Caulking is a year-round job. In the spring, you caulk the exterior to get it ready for painting. In the summer, you re-caulk tubs and showers that mildewed during the winter and spring. In the fall, you find yourself caulking windows and doors and other potential sources of winter air and water leaks. Finally, during the winter when the ceiling begins to drip, you stock up on caulking for the roof.
There are three basic types of caulking--silicone caulk, butyl caulk and latex caulk.
Silicone Caulk The most expensive of the basic three is silicone caulking. It is best for sealing metal, glass, tile and other smooth, non-porous surfaces. Of the three, it is the most flexible and shrinks the least. Silicone is especially well-suited for sealing dissimilar materials.
Be careful. Silicone is not meant to be used on masonry or stone and doesn't do well on redwood or cedar. Most silicone caulks can not be painted, and because acetic acid is the solvent that keeps them damp, silicone caulks have a sharp, irritating smell.
Butyl-Rubber Caulk This group of caulks works best on concrete, concrete block, brick, stone, gutters, flashings and chimneys. What makes butyl caulk special is its ability to be used in extremely wet areas. This makes it great for jobs underground and on the roof. Butyl caulk also works well on aluminum siding.
Although butyl caulk can be painted, it comes in many colors. Unfortunately, it is difficult to work with. It is stringy when applied, requires paint thinner at cleanup time, shrinks a lot and is slow drying.
Latex Caulk The most popular of the three is latex--or acrylic--caulking. Latex is water soluble and that makes it easy to use and easy to clean up after.
It is best used on highly porous surfaces such as wood. Since latex caulk is used on both inside and outside surfaces, it is available in an interior and an exterior grade. The exterior grade is a bit more dense and therefore slightly more expensive. Exterior grade latex can be used inside, but interior grade is not for outdoor use.
Tips for Use When caulking, remember that the width of the bead will be about 30% wider than the diameter of the hole that you cut in the end of the caulking tube. Start with a small hole. Run a test bead on a scrap of wood. Enlarge the hole at the end of the tube with a razor knife, a little at a time, until you get the desired bead width.
It is important that caulking touch on three sides--the bottom and two sides--of the groove being caulked. Each surface helps to hold the caulking in place. If a groove is deeper than a quarter of an inch, we recommend that you use a foam backer rod, string, cloth, paper or some other flexible filler as a base.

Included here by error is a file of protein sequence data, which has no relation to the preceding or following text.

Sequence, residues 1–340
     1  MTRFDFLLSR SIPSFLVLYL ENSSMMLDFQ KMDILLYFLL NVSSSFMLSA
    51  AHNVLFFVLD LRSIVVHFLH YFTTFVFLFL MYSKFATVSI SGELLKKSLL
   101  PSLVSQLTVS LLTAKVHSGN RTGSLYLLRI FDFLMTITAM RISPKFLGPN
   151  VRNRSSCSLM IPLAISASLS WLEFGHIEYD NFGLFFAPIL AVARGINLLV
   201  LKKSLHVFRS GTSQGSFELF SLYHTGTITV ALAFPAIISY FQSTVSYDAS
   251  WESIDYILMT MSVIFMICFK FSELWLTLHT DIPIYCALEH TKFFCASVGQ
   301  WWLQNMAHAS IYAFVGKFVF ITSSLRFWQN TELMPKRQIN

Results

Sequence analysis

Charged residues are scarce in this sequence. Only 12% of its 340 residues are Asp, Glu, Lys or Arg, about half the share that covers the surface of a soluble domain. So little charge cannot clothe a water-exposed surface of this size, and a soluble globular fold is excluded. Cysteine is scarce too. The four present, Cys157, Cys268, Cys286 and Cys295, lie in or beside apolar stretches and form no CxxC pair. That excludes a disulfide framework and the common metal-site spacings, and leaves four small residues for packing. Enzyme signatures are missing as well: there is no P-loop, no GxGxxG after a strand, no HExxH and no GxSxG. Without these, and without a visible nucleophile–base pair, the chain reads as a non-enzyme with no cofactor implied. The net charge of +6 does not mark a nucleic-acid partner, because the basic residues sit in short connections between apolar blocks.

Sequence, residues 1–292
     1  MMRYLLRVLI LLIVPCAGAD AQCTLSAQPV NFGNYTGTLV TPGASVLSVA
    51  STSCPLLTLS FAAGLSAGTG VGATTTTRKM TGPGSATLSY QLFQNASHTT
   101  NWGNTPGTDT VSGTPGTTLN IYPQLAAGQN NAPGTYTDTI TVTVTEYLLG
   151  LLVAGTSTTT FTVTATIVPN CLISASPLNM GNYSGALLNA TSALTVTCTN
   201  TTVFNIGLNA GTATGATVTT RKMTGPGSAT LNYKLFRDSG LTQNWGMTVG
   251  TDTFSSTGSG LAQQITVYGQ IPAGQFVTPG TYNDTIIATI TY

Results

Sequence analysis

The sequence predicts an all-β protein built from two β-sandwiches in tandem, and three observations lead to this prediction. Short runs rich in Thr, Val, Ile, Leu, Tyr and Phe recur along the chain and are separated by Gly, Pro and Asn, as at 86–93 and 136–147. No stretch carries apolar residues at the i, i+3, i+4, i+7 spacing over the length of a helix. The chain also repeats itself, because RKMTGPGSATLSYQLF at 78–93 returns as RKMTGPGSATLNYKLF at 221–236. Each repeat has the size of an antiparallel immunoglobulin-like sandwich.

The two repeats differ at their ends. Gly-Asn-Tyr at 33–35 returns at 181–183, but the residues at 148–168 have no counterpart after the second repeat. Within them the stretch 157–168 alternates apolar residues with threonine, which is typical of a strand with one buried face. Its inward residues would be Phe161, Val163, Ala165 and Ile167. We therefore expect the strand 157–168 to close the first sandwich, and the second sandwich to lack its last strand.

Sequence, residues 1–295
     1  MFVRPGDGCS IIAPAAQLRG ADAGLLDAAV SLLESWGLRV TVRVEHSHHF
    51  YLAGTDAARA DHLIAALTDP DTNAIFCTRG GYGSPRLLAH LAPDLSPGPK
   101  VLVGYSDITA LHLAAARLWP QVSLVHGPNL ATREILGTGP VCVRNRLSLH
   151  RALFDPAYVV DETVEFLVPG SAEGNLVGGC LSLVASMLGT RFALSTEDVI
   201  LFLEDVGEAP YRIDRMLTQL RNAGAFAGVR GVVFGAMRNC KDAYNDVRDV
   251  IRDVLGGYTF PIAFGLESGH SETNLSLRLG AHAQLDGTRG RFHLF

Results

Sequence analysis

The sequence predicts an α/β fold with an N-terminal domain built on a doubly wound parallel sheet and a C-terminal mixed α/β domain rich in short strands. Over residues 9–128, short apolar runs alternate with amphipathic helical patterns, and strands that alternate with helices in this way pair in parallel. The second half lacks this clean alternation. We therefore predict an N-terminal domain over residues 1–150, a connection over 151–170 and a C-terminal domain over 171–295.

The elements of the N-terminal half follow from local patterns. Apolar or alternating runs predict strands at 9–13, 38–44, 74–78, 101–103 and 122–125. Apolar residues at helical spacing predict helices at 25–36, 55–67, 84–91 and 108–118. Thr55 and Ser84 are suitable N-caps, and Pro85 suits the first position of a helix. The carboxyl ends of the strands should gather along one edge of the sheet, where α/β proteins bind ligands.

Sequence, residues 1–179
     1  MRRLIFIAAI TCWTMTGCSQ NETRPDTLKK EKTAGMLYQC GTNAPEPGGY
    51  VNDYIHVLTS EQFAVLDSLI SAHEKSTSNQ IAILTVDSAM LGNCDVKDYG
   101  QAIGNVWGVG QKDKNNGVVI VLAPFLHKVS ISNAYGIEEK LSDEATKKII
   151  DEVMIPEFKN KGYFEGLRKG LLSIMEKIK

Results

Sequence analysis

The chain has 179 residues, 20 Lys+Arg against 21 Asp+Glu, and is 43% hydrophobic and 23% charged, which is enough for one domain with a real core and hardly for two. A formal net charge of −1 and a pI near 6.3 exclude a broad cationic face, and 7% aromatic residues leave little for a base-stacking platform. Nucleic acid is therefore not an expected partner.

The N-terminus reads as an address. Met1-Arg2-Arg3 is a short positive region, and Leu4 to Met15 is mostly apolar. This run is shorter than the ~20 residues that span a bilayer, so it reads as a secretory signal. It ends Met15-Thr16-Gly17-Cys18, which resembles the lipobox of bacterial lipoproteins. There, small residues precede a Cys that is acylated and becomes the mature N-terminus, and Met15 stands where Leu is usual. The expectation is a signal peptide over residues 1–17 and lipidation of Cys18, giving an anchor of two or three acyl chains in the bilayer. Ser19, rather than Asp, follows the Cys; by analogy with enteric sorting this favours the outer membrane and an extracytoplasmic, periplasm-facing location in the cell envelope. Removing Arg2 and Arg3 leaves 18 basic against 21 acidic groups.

Caulking requires a very important tool--your finger. And lots of paper towels or a damp sponge.
Vent, Fan May Solve Dripping Problem
Q: I am a building contractor and I am perplexed. A customer of mine has observed a strange phenomenon--small droplets of water have appeared along the underside of a ridge-beam above the family room. The moisture seems to be emanating from the rafter-bays immediately above this area. The rafter space is not well-ventilated and thus holds a great deal of heat. By mid-afternoon water drops can be seen beginning their descent. So, apparently the heat is the mechanism by which the water is produced. Do you have any ideas? What is causing this?
A: You have described the cause and effect beautifully. All you missed was the solution--and that's easy.
First, we must assume that the problem you have described is condensation and not a roof leak.
Normally, condensation is controlled by increasing the rate of flow of air in the area where the water droplets materialize. Since the rafters are not well-ventilated, this is the area that should be attacked. General Aniline Film Corp. (GAF) makes a product called Cobra Ridge Vent. The ridge shingles are removed, a slot is cut in the roof sheathing below, the ridge venting material is rolled out and stapled in place and the ridge shingles are returned to their original location, but over the new venting material.
A decorative light fan should be added to the ceiling of the room where the problem exists as an added precaution against a recurrence of the dripping condition.
* Cut the nozzle of the caulk tube at 45 degree angle
* Hold the gun at about a 45 degree angle, the same angle as the cut on the nozzle of the cartridge.
* An electrical wire nut will prevent partially used tubes of caulk from drying out.
* Caulk hard to reach places with an extension tube made from plastic tubing. Silicone--Use on:
Metal, glass, tile; smooth and non-porous surfaces
* best flexibility
* little shrinkage
* joins dissimilar materials
* can be applied at most temperatures Butyl/Rubber--Use on:
Concrete block and brick; gutters, flashing, chimneys
* used below grade and high moisture areas
* paintable and comes in color
* excellent for aluminum siding
Wood sidings; around windows and doors
* easy to apply; cures fast
* paintable and comes in color
* water cleanup
* good for interior caulking
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